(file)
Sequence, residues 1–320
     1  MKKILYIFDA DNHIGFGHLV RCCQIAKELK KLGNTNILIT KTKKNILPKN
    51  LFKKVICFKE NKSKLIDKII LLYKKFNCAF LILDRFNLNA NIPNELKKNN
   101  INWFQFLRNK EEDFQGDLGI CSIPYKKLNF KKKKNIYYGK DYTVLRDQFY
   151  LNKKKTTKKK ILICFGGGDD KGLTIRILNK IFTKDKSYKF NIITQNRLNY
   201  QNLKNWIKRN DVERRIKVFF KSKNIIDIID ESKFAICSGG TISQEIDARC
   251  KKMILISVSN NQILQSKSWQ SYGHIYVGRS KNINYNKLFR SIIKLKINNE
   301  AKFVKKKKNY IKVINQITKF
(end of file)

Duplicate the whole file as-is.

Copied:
Sequence, residues 1–320
     1  MKKILYIFDA DNHIGFGHLV RCCQIAKELK KLGNTNILIT KTKKNILPKN
    51  LFKKVICFKE NKSKLIDKII LLYKKFNCAF LILDRFNLNA NIPNELKKNN
   101  INWFQFLRNK EEDFQGDLGI CSIPYKKLNF KKKKNIYYGK DYTVLRDQFY
   151  LNKKKTTKKK ILICFGGGDD KGLTIRILNK IFTKDKSYKF NIITQNRLNY
   201  QNLKNWIKRN DVERRIKVFF KSKNIIDIID ESKFAICSGG TISQEIDARC
   251  KKMILISVSN NQILQSKSWQ SYGHIYVGRS KNINYNKLFR SIIKLKINNE
   301  AKFVKKKKNY IKVINQITKF